5. It Not Only Resembles a Medieval Tower, It Is Built Like One Too
Although built for a functional purpose, the Highbridge Water Tower is an ornamental building often likened to medieval minarets and campaniles (Italian bell towers) and the comparisons have considerable merit, both stylistically and structurally. The architectural connections are obvious, but the physical similarity is not as readily apparent until one ventures inside or looks at architectural drawings.
Built more than a decade before the first steel frame skyscrapers of the 1880s, the Water Tower has load bearing walls designed to support the weight of the building above, including a full water tank. Much like a historic church, it has thick walls at the bottom and thinner ones at upper levels.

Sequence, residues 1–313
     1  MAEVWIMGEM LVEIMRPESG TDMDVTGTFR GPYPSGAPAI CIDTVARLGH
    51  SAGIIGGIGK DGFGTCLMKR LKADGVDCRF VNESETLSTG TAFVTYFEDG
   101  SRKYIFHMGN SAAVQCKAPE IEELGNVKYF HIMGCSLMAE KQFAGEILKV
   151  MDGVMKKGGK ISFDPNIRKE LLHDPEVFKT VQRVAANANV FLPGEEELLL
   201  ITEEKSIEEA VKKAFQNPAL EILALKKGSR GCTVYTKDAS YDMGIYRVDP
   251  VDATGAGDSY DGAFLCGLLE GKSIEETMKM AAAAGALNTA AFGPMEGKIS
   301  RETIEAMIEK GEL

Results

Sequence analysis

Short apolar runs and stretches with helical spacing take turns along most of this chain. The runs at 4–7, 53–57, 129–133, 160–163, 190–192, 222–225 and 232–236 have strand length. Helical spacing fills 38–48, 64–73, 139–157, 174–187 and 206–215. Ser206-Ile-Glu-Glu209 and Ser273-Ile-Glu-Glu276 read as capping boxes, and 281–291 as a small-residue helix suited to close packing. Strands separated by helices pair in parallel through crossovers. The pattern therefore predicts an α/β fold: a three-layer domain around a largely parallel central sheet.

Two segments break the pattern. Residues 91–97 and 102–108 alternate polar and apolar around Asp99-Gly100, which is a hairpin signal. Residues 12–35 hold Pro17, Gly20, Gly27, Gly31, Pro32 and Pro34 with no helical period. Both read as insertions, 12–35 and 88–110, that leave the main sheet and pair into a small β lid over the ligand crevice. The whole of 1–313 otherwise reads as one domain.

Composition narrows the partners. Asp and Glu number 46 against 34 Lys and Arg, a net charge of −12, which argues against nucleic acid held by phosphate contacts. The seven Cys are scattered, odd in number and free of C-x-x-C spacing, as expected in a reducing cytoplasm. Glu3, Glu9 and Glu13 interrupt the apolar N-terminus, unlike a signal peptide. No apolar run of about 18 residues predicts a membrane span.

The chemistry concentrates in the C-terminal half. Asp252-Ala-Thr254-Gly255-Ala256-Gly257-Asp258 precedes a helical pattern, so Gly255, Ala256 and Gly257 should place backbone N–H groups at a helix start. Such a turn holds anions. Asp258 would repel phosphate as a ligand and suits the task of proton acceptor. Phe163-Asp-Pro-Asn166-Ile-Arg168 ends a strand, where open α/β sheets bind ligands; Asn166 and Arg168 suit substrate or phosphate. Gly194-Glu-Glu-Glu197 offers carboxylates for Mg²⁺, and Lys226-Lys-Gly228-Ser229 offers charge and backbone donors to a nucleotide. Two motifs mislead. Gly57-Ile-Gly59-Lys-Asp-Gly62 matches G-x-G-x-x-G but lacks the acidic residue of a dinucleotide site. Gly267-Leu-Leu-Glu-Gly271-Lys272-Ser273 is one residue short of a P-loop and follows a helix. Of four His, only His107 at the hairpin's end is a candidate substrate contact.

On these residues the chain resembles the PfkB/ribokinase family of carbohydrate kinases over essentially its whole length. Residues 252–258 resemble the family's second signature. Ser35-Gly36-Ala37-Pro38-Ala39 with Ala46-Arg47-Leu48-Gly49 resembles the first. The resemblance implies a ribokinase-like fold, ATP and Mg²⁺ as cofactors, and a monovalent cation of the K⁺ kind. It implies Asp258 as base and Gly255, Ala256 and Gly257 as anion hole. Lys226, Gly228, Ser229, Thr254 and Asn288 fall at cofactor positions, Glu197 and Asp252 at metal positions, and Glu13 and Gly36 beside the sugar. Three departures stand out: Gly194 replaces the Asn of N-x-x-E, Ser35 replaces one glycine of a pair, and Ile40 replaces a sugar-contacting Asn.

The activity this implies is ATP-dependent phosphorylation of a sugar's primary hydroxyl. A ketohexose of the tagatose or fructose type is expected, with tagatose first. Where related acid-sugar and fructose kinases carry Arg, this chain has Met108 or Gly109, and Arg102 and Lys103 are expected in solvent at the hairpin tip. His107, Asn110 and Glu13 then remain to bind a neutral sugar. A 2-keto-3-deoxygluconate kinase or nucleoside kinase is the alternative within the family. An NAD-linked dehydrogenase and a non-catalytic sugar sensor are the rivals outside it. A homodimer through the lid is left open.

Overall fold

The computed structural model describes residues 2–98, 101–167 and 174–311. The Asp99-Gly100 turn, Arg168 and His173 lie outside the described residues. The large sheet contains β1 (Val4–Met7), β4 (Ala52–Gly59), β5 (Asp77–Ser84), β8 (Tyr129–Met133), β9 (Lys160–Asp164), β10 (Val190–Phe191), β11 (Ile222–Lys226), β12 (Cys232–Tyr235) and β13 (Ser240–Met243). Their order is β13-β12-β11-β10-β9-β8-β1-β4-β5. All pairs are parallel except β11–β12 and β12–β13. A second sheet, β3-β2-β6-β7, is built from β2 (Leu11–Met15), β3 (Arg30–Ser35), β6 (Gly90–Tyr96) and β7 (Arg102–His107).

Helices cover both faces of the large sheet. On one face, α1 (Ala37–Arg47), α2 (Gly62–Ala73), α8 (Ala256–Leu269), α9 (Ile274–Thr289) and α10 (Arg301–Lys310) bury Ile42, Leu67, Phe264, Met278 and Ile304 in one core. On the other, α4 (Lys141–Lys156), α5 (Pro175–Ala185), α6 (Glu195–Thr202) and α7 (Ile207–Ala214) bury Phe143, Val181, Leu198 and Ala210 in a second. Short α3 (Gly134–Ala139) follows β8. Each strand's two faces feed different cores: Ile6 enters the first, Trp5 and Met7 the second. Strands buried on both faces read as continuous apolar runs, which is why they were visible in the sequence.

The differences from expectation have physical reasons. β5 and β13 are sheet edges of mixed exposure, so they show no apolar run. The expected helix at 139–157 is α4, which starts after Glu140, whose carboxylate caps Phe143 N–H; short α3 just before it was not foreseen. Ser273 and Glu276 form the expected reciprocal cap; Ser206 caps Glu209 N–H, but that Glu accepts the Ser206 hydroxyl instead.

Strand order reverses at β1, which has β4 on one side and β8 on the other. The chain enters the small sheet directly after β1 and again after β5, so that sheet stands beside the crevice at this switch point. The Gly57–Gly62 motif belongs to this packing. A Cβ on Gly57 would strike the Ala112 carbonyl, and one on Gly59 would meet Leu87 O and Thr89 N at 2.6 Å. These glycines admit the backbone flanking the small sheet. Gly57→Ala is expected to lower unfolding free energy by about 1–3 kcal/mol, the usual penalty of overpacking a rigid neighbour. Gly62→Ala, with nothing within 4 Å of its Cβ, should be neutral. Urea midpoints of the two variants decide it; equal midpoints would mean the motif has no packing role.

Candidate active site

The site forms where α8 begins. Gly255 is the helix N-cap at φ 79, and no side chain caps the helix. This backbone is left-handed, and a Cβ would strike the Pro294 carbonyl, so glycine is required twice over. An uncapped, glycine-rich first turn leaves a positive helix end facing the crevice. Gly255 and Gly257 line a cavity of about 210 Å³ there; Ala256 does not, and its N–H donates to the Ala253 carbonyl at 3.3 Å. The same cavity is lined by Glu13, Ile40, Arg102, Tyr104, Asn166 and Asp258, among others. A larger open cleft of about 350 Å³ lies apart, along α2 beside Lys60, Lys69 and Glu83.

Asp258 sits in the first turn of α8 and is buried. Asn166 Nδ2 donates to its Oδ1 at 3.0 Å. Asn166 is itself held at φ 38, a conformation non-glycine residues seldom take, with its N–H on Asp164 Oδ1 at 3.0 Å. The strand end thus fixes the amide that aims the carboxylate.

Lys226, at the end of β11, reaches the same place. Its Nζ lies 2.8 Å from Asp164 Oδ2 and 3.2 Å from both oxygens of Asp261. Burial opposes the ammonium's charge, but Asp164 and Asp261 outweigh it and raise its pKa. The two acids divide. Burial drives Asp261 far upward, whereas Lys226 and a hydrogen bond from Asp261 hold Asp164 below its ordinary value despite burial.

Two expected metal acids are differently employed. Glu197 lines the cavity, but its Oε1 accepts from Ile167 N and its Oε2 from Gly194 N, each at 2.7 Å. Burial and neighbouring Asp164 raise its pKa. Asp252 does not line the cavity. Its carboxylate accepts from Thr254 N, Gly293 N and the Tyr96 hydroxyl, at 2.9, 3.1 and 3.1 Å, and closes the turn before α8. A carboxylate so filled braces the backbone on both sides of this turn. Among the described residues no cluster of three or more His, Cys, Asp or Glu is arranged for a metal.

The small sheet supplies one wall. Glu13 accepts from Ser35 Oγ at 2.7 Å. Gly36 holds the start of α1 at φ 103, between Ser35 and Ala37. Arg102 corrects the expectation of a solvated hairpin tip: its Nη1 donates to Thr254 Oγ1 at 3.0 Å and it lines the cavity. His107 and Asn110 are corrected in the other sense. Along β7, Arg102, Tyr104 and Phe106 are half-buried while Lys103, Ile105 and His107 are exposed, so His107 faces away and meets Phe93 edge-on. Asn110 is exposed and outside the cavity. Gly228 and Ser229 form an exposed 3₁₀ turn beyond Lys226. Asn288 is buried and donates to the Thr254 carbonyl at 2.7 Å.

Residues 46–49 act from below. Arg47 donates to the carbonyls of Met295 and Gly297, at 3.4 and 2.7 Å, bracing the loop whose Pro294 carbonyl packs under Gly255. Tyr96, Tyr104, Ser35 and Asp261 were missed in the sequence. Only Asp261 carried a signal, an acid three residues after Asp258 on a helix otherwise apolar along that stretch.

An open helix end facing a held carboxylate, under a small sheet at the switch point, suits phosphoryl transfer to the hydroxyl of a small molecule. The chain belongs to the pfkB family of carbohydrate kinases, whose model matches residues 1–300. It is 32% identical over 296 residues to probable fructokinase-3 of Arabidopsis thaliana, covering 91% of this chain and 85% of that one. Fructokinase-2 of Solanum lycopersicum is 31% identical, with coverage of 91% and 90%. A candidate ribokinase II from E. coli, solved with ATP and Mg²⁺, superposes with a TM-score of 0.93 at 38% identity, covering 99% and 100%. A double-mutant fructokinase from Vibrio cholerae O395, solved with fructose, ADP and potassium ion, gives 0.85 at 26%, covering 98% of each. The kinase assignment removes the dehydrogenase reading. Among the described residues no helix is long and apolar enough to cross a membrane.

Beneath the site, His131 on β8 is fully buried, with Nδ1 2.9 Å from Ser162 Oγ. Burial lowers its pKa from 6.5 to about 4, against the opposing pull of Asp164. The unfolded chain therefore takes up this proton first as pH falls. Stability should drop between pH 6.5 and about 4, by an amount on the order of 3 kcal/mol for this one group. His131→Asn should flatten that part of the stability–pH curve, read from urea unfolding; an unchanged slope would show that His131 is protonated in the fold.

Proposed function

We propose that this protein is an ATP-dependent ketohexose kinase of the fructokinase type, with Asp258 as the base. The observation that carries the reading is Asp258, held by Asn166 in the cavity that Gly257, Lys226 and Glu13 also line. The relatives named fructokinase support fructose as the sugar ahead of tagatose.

Both Buck’s paper and Dearborn’s plans show that at the base the octagonal structure has an outer diameter of 29 feet and walls 5.5 feet thick, leaving only 18 feet inside. Above the base, the main shaft tapers slightly so that the walls are 4 feet thick but the interior space remains 18 feet across. The few windows in the base and shaft are narrow and vertical to maintain the structural integrity.
In contrast, the walls of the tank room, which is now the observation level, only support the weight of the cupola above. They are a much slimmer 1 feet, 4 inches thick and have expansive windows, two on each of the eight sides. As a result, this part of the tower has a more spacious, light-filled interior of 25 feet, 8 inches in diameter.